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Credit Card Surcharges are Legal – Now What?

by admin on Jan, 29 2013

It’s making national headlines but the jury is still out as to whether legalizing credit card surcharges will make much of a difference in the current market. Currently, ten states (including New York and California) have shot down the ruling, but in the remaining forty, credit card surcharges might be passed along to consumers who are already feeling the strain of tough economic times.

Until recently, merchants who offered consumers the option to pay by credit were obligated to pay a small interchange fee. That interchange fee typically amounted to two or three percent of each transaction. It came out of the merchant’s pocket and went straight to the credit card company or account provider. In other words, companies that chose to offer customers the convenience of paying by credit card had to eat the fees associated with it. That’s why at many small businesses you’ll see a sign that says customers must spend at least $10 to have the privilege of paying by card. This prevents customers from charging multiple small purchases and having x% of the purchase going to the bank. For little things, most small businesses prefer if customers use cash so there is no financial intermediary; rather, the cash goes straight to the business.

So does all this mean big changes are coming for merchant account providers like HighRiskPay.com? Not necessarily.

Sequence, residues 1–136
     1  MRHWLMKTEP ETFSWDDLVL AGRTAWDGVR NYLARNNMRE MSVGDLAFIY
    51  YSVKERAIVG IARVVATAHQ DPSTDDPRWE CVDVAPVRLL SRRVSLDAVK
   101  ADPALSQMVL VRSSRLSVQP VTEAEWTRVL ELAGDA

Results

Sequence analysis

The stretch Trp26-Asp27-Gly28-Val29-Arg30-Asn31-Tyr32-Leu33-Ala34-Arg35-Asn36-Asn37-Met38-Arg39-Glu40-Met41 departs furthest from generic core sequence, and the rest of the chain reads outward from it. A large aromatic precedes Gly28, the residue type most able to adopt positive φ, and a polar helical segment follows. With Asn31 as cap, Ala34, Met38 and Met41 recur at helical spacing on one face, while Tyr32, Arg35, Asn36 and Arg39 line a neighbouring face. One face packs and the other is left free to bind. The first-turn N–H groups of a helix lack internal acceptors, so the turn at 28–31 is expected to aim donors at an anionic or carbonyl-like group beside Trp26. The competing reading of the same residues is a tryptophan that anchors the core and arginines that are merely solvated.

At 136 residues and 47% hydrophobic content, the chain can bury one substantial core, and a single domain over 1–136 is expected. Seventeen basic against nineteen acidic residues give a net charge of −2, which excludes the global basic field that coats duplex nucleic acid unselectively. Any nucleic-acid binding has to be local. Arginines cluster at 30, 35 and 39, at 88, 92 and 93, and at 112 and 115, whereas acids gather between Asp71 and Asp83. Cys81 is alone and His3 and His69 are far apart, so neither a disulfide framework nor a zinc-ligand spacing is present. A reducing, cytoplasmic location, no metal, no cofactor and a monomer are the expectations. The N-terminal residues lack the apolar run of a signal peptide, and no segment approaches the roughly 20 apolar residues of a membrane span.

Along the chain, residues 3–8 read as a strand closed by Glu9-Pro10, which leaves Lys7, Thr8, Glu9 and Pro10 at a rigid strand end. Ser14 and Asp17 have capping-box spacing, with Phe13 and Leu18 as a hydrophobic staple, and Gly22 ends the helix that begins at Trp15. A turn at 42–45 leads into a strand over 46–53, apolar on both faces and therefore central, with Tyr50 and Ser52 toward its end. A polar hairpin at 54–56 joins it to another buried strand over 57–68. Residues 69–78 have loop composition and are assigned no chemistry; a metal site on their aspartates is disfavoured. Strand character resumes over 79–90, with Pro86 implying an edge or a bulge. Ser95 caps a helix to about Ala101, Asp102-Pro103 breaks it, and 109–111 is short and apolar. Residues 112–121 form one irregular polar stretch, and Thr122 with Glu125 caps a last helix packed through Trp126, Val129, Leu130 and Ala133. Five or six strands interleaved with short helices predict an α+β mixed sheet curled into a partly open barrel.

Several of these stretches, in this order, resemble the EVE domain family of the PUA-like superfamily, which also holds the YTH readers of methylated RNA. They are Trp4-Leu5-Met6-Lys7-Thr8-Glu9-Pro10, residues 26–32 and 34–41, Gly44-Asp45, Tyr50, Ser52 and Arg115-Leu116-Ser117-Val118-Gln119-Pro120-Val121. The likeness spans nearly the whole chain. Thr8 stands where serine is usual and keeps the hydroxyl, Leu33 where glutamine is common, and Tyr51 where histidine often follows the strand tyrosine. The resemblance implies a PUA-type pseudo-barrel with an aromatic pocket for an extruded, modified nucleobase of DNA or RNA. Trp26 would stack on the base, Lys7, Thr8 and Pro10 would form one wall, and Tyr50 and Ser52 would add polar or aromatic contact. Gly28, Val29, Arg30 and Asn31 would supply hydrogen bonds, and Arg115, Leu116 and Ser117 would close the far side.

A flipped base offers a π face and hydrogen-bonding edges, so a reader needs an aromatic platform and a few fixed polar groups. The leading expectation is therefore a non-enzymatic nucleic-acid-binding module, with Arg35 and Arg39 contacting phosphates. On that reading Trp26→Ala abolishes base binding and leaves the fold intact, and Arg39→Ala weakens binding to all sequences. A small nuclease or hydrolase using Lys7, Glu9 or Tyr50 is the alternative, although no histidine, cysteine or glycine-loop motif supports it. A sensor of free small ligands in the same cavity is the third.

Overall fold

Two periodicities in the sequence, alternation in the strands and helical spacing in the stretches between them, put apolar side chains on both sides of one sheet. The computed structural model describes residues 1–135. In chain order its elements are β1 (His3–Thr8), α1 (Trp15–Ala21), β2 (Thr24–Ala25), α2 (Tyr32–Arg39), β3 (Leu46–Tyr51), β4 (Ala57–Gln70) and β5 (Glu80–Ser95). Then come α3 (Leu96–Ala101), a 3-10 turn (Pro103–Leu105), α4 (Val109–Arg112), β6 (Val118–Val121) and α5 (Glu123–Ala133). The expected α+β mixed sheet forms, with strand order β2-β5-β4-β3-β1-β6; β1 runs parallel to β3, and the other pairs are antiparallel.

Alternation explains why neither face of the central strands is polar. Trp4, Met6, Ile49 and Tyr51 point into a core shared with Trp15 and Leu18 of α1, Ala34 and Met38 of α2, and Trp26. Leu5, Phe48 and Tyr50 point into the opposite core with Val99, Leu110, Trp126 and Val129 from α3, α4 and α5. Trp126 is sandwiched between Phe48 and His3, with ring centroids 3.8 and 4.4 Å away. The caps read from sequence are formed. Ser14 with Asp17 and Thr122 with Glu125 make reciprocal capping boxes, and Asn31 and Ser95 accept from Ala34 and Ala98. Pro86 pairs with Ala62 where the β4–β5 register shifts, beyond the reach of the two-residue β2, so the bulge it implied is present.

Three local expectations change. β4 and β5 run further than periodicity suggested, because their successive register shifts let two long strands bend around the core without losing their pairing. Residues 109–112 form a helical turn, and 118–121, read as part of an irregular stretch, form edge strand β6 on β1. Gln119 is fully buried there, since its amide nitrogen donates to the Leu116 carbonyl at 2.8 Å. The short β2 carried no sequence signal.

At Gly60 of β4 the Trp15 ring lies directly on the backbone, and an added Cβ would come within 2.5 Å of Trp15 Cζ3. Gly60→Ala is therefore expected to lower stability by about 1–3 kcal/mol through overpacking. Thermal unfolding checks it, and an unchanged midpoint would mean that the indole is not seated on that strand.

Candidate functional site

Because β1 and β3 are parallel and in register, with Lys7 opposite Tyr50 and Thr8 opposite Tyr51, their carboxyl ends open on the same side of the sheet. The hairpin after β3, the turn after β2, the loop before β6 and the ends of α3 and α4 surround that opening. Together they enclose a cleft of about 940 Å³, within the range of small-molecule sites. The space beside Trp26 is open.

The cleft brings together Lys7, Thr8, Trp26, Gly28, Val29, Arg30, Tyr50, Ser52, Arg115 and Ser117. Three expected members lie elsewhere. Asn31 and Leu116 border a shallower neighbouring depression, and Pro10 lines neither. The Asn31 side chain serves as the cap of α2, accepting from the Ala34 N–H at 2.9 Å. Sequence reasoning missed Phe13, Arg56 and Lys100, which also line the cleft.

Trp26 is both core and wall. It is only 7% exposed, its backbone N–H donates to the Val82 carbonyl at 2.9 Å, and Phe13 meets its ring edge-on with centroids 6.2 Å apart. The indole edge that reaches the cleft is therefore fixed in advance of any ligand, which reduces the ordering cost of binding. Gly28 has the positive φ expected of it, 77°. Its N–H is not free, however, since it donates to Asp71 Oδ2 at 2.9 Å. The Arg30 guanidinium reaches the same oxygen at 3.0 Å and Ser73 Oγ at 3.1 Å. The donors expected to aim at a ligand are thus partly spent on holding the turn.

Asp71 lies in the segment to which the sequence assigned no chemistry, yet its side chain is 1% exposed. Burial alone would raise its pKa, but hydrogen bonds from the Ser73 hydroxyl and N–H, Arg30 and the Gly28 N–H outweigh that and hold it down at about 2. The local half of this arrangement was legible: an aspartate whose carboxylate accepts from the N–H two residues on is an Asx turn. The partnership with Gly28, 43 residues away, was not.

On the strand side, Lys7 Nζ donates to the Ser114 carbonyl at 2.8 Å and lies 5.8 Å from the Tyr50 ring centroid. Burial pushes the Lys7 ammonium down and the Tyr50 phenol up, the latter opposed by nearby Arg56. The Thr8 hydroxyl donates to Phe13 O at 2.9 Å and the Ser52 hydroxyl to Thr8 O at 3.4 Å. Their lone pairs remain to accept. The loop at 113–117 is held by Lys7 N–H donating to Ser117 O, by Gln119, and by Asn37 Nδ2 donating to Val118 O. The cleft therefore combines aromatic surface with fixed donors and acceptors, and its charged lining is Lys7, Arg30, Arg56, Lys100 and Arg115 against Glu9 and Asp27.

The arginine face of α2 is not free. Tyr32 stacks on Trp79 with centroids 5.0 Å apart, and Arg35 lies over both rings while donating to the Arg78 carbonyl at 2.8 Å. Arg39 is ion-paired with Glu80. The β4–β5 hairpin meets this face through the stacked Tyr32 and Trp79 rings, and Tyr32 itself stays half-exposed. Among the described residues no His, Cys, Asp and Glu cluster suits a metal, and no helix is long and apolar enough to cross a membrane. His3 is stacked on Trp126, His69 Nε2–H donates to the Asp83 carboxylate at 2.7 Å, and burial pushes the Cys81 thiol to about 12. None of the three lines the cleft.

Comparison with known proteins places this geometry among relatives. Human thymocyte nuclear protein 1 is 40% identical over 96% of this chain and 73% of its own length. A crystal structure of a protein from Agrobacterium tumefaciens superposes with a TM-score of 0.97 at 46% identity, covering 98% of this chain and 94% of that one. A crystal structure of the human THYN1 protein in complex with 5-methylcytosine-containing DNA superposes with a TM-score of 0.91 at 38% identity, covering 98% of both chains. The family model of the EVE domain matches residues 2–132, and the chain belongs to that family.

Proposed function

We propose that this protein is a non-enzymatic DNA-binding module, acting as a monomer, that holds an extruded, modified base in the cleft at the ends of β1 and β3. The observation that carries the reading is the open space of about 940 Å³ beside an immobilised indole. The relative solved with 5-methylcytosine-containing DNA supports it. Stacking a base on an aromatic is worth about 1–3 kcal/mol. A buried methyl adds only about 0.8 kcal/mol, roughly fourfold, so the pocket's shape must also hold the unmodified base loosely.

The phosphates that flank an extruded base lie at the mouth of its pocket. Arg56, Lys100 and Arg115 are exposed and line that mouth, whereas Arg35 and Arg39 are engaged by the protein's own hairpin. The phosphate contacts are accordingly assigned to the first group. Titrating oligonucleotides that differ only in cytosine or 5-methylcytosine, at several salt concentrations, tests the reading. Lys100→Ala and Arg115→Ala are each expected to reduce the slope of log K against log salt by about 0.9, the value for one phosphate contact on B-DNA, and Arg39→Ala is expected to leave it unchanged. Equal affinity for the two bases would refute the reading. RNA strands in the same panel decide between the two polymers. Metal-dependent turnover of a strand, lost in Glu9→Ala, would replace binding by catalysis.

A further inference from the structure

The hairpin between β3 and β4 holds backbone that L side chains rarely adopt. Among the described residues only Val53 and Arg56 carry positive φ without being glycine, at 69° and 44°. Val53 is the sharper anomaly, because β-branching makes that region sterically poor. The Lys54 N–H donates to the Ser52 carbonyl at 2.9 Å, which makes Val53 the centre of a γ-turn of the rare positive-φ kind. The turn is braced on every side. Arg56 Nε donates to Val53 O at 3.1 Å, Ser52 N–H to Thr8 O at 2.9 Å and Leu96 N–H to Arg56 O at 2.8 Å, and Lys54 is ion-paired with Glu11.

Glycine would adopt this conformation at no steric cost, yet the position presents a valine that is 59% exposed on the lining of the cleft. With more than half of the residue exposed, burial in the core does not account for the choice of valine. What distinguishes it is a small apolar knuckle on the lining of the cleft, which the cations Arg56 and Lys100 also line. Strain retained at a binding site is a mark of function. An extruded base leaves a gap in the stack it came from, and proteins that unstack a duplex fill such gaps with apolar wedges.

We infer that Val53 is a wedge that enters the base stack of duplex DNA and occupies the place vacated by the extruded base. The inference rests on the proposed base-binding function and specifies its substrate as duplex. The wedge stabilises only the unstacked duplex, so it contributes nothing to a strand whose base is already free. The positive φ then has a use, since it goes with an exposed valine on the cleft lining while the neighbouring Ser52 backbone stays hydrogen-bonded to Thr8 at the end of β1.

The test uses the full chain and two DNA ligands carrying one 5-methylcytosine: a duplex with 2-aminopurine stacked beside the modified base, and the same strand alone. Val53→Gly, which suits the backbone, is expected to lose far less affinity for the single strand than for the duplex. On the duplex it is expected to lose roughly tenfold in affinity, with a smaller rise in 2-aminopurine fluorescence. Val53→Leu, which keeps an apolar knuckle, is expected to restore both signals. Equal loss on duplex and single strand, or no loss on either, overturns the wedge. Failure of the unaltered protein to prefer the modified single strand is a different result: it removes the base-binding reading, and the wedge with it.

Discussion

It’s likely that account providers will stay out of this new drama and let merchants handle it on an individual basis. While small business owners and vendors are now legally allowed to charge consumers the extra amount that credit card companies charge them, that could have the negative effect of limiting spending. That’s the last thing a small business wants to happen. So, even though it’s permitted (in most states) it won’t necessarily happen everywhere.

The good news is that small businesses who are currently paying two or three percent per transaction to their merchant account providers, can now technically offload those fees onto consumers.

If a small business was struggling to pay their bank or merchant account provider, this new ruling could mean the difference between staying profitable and going under.

For more information about the ruling and to see if surcharges are legal in your state, click here.

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